I get a lot of questions on YouTube about my recording setup. It is nothing fancy but does the job. Here are the tools I use and some tips for recording yourself.
One question keeps popping up over and over again on Tennisnerd and it is about my recording setup. So I thought it was time to write a post about it. I have written about recording yourself to improve your tennis before, but back then I was using a phone.
Not that there is anything wrong with using a phone. Some new phones (such as the Samsung S10 or iPhone 10 (there is now iPhone 11 as well) have great cameras that will capture brilliant footage. It is high time for me to upgrade my phone (I am using an iPhone 7 Plus at the moment), but I am not in a desperate need just yet.
The most important thing (almost): The tripod
If you are going to record yourself playing tennis, you need a sturdy tripod. This should not be overlooked. This will make sure you get a proper angle and that you can position the camera without issues. You don’t need to buy a specific brand or anything like that. Just get a basic, sturdy one.
I made a mistake when I bought my camera though. Don’t get me wrong, it is very good and easy to use. But it lacks a microphone input (it does have an internal microphone though), so when I need to record interviews in noisy environments it gets difficult. What I can do is use my phone or another sound recorder, but then I need to match the sound and the video which can be a bit time-consuming.
I have a Lumix Panasonic GX85 (actually I have the GX800, but it is basically the same thing). It is a great, compact camera that captures video and images in 4K. It has all the functions and I need except the microphone socket. As you might see from some of my videos, the sound from the internal microphone is not bad, but in some situations, I would have appreciated an external mic.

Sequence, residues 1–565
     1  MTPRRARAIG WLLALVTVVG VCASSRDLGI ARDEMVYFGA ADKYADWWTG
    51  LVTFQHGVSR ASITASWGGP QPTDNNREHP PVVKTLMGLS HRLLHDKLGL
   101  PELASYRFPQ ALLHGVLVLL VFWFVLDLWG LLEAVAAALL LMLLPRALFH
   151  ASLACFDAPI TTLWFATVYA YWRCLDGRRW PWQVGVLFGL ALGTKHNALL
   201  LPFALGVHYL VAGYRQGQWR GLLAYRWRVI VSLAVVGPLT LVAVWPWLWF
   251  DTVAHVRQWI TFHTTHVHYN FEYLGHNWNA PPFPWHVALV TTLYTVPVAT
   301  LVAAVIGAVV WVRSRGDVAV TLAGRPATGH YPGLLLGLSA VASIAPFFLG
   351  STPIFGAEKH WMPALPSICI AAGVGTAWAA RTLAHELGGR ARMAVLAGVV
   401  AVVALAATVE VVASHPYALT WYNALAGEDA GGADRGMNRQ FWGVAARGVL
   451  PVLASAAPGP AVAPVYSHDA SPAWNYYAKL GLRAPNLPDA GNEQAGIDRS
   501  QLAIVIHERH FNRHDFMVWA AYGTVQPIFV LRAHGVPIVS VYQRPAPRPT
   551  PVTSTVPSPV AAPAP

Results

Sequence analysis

The pros and cons
Here are the pros and cons of the Lumix Panasonic GX85.
Light, perfect for travel
Great image quality for my needs
You can do post-focus on images
Good image stabilization
Video quality is great
No mic socket
No headphone socket.
So this is a perfect camera to carry in the tennis bag every time you play.
When I record voice-overs in my videos I use a Blue Snowball mic. Nothing amazing but works well for my needs.
Whatever camera you decide to buy, I would recommend investing in a couple of extra batteries. When I play a 90-minute session in 60 fps, I tend to need at least two fully charged batteries. It also makes sense to have a good memory card if you want to record longer sessions in high resolution.
Go record yourself!
To summarize, you don’t need to spend a lot of money to create nice tennis videos. Recording yourself while playing is a great tool to improve as a player. You will be able to analyze your strokes and see what you do well and what you need to work on. I have learned a lot since I started to record my tennis sessions and it has become an invaluable training tool.